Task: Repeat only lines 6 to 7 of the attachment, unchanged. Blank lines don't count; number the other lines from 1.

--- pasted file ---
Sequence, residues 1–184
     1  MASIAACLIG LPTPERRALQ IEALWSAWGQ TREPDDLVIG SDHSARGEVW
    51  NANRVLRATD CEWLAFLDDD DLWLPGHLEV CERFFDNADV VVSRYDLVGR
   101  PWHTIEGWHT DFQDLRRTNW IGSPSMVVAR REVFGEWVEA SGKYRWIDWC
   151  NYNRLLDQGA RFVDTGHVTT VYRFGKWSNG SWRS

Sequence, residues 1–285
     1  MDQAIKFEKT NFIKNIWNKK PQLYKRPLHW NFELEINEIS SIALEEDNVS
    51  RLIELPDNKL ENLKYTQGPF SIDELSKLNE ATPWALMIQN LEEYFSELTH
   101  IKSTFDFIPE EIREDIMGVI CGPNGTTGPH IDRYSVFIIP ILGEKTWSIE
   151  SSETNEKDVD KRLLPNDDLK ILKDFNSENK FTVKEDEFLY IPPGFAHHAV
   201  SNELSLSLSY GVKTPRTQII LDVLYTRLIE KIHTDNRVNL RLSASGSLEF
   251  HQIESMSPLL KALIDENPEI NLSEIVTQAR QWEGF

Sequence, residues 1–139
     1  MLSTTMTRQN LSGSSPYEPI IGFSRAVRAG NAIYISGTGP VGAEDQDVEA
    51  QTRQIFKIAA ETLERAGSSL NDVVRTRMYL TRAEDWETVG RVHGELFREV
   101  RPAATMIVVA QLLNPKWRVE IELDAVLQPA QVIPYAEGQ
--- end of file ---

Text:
Sequence, residues 1–285
     1  MDQAIKFEKT NFIKNIWNKK PQLYKRPLHW NFELEINEIS SIALEEDNVS